I see my job as a merger between an interior designer and a graphic designer. You have to think about everything that's going onto that surface. In a first draft, one of the electrical outlets was going to be right where a word was. With environmental graphics, you have to understand that it's part of a building. It's not just a piece of art hanging on the wall, where the end user has to figure out how to incorporate it into the space. It's helped me to have that architectural background, to see how the graphics fit into that three-dimensional environment.”
LESSON TWO: Reflecting the client’s product through environmental graphics
SunPower Corporate Headquarters
“SunPower is one of the largest manufacturers of photovoltaic (PV) solar cells, but their previous space was really gray and bland. It didn't reflect light and sun at all. For their new corporate headquarters, we wanted to capture the essence of light, and fully integrate their product into the space. We started with a Polygal [polycarbonate] wall that we backlit, which has a light feel to it. The essence of the brand was to highlight their different sectors—residential, commercial, and industrial—and we incorporated that into the imagery through the use of color bars for each sector. We also abstracted an octagonal pattern from their PV cells for use on glass walls and doors to add some privacy to offices and boardrooms.
The best way to accomplish a cohesive branded environment is to work with the project architect from the beginning to understand the space and figure out those key moments in the building. You also have to understand who the client is. For instance, we created separate installations for each of the 60 different conference rooms that show photovoltaic cell imagery and diagrams from around the world. Each room tells a different story.”
LESSON THREE: Go with your gut and be ready to break the rules
HGTV's The White Room Challenge
“When I was younger, I always liked to be center stage. I was involved in local theater, and I'd always had another passion to do some kind of performance art. The White Room Challenge [is] a show about four designers who are given a 10-foot- by-10-foot white box of a room with a few white furniture pieces, and we get 15 hours to completely redesign the room based on a specific theme, using materials all purchased from a non-traditional store.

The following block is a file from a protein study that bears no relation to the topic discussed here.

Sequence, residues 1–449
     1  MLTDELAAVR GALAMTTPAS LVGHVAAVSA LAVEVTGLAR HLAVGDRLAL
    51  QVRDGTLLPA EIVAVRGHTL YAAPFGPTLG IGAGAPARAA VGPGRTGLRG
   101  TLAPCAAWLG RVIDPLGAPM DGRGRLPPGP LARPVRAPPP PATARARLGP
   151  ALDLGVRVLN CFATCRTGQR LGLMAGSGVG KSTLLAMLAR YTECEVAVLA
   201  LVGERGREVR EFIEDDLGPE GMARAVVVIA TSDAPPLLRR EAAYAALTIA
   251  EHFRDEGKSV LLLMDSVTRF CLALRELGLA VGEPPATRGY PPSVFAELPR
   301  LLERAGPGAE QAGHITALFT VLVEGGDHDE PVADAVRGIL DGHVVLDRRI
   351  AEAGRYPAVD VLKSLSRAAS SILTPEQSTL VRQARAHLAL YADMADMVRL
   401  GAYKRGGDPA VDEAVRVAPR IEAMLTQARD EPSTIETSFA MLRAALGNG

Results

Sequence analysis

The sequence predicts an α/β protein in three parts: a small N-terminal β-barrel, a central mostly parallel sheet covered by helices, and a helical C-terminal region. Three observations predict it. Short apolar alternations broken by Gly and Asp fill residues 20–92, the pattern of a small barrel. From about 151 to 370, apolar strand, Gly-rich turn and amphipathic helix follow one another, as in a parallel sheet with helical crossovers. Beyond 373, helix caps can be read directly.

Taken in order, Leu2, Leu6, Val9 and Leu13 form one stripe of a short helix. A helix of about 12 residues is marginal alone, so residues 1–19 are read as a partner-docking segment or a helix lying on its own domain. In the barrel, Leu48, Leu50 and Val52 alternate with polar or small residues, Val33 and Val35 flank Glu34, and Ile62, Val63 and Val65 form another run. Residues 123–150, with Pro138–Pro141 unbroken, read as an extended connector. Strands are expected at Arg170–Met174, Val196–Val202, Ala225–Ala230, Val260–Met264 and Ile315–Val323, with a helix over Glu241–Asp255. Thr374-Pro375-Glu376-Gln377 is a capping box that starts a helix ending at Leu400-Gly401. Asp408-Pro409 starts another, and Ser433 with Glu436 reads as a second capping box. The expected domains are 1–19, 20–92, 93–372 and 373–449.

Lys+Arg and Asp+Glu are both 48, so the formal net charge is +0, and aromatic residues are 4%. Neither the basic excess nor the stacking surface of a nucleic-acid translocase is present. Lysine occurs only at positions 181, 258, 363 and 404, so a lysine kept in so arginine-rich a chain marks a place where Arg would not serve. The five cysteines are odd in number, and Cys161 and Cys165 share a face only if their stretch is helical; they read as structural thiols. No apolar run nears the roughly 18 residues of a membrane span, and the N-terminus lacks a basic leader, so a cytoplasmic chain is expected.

I went into this show thinking, ‘I am only going to have two days to do this.’ I didn't want to be stressed out about it. I realized that this is my opportunity to not overthink things, to go with my gut instinct and not look back. It was one of the most fun times I ever had. I met three other great designers with different backgrounds from across the country.
It was another example that you can think outside the box and not follow the rules. It was just amazing to put myself out there and be vulnerable. I think everyone should take a risk like that, because you'll learn a lot about yourself in the process.
Architecture students need to realize that they can be an architect, or they can be someone else who can influence the user interface with the built environment. There are certain people who are made to be architects, and I applaud that ability. Integrating graphic design with my passion for the built environment allows me to create a richer, deeper experience for the user.”
Education kiosks located at each elevator lobby describe the sustainable strategies used throughout the building. © Romina Tonucci
Nine color gradient creates an inviting coding system for the floors. © VDTA Graphics Studio